Development 24 announced on 5 March that they have completed the acquisition of several freehold land parcels at 31 to 51 (odd) Lorong 24 in Geylang for a total of $60 million. Development 24 is a joint-venture between Heeton Holdings, Lian Beng Group and KSH Holdings.
The sites purchased by Development 24 has a combined land area of about 2,432 sq m. According to to filings in SGX, Heeton Holdings owns a 10 percent stake in the entity. Lian Beng controls 42 percent, while KSH Holdings holds the remaining 48 percent.
“Development 24 intends to develop a block of 8-storey residential flats (approximately 110 units in total) with sky garden, swimming pool and multi-storey carpark, subject to obtaining all the necessary approvals from the relevant authorities,” Development 24’s statement said. No further development charges are expected to be necessary for the proposed development,” it added.
Urban Redevelopment Authority (URA) in 2016 made some changes in zoning to Geylang which lifted the values of nearby condominiums. Even if traffic and parking continue to be a problem in that area, Geylang is just 10 minutes away from the Central Business District (CBD). Geylang also remains quite accessible via public transport. For those who are willing to take a long-term view and have the capital take risks, Geylang is a worthy investment because of its location.
Although location is the major plus of buying a property in Geylang, prior to the year 2009, banks tended to shy away from Geylang and the choice of banks remained limited, with the market left mostly to Hong Leong Finance and Singapura Finance.
Around 2010 – 2011, more banks came on board to finance properties from Geylang Lorong 30 or 32 onwards to Lorong 40. Now, OCBC and Maybank also finance Lorongs 26 and 28 on a case-by-case basis. Some lenders, however, impose a loading of 0.25 per cent on top of their usual lending rates for Geylang properties at even number lorongs.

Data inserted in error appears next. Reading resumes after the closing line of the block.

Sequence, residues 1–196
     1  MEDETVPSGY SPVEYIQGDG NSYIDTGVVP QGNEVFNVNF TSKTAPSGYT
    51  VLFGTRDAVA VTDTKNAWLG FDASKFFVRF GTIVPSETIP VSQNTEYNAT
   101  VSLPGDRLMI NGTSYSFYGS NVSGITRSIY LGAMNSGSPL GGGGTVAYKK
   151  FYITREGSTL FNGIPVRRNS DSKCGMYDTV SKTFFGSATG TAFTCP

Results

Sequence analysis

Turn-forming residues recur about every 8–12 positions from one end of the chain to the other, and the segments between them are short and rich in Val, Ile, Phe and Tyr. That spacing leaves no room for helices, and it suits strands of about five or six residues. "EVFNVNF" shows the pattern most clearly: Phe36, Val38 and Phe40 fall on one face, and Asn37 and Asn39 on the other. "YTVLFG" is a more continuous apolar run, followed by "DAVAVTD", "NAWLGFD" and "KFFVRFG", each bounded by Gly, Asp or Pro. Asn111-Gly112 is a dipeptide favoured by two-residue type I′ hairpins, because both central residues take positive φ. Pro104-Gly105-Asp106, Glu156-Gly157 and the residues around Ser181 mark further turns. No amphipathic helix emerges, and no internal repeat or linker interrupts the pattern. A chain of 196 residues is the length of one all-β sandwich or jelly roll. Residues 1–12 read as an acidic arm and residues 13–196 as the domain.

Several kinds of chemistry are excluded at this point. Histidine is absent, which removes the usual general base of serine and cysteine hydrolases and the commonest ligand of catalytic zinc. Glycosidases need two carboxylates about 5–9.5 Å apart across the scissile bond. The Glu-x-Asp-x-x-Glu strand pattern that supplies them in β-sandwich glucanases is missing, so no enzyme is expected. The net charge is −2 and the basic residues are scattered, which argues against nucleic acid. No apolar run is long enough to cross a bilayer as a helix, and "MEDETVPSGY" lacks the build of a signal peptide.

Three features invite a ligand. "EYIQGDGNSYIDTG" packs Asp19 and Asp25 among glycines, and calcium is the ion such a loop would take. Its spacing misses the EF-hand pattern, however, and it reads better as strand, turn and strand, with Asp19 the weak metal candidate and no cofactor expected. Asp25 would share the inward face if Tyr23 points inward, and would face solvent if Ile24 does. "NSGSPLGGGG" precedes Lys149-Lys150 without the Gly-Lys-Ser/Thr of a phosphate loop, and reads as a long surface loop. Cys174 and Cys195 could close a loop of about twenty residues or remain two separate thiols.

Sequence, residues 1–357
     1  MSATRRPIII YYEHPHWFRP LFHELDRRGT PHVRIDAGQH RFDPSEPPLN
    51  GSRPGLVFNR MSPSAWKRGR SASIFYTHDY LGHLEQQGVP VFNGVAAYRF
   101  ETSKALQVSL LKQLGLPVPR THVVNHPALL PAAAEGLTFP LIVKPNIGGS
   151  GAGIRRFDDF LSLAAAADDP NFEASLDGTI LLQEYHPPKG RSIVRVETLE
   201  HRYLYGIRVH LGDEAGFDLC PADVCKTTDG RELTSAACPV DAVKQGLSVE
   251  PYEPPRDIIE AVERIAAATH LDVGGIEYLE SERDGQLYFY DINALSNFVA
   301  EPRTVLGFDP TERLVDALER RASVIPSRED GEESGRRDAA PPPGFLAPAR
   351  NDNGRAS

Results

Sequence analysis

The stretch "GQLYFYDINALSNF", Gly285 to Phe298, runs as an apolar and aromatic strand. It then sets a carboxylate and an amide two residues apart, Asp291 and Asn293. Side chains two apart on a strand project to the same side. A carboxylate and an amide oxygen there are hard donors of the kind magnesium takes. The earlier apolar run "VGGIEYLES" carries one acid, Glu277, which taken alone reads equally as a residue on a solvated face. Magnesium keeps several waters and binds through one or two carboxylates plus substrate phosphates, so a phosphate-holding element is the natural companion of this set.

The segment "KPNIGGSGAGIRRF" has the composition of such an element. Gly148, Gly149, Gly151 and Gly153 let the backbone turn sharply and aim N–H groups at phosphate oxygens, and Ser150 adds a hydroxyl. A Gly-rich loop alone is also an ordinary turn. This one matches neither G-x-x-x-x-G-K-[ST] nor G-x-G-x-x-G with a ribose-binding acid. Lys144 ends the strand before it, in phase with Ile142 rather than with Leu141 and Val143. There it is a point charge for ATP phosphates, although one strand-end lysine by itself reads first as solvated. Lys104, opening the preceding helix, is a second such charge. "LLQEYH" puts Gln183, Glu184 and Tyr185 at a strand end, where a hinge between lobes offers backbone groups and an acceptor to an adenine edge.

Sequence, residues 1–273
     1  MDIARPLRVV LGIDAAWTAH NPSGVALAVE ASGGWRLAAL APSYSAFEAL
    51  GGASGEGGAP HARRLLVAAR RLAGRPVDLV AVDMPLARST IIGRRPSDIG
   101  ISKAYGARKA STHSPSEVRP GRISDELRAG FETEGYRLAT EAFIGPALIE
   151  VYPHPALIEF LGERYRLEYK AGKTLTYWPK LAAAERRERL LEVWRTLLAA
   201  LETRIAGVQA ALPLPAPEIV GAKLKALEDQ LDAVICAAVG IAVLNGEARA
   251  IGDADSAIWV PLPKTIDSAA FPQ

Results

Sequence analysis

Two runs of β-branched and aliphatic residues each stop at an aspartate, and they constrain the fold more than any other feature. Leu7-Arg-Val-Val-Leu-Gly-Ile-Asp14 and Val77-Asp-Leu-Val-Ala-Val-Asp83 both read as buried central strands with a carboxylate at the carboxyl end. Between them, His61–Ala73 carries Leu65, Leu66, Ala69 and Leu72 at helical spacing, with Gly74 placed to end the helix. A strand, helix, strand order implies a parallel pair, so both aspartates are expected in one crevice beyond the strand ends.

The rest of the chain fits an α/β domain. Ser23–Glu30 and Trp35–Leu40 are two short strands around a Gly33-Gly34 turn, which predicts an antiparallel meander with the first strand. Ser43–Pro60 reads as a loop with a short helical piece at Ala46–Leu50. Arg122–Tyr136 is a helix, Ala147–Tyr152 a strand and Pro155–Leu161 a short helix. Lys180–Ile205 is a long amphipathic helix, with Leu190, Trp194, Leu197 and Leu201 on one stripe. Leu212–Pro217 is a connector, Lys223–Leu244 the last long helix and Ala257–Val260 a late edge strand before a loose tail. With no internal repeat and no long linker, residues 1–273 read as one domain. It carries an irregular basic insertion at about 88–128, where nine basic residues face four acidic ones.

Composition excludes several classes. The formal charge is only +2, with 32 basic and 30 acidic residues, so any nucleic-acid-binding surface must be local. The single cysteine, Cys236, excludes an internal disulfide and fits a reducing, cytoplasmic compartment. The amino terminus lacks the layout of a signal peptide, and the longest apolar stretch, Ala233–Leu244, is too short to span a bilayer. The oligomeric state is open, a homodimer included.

Generally though, as long as the property is for owner occupied use, 80% loan is possible, subjected to TDSR and credit profile for properties above Lorong 30.
Recently, many residential development have sprung up in Lorongs 24, 26, and 28. The entire area is starting to look and feel more residential as opposed to being a red light district – which Geylang is well known for. As such, 1 to 2 banks are able to finance properties in Lorongs 26, and 28, subject to it being owner occupied and loan-to-value being around 70%. The borrowers’ credit profile also has to be strong at 80 per cent with good credit profile.
In private conversations with banks, 1 bank (on top of Hong Leong Finance and Singapura Finance) may be able to finance properties in Lorong 6 up to Lorong 24, with loan-to-value capped at around 50 to 60 per cent for clients who have a good profile. However, many people who opt for 70 to 80 per cent loan will still stick to Singapura Finance or Hong Leong Finance which have loyally supported Geylang properties for many years.
Some banks continue to view Geylang as a risk and impose Lorong restrictions. These banks place loan-to-value restrictions as well as a cap on the quota in terms of the amount of loan lent to this area.
Sometimes you will hear comments such as, “normally we can finance this project, but we have no more quota this month”. This is an example of a cap in the quota to limit their concentration risks. Many banks internally will require Level 2 approval for Geylang properties – this means that any such property financing will be escalated to the next higher management level for their decision.
These restrictions also spill over to odd number lorongs that are near to or around those between Lorong 6 to Lorong 24, but are generally not as restrictive as those in even number lorongs.
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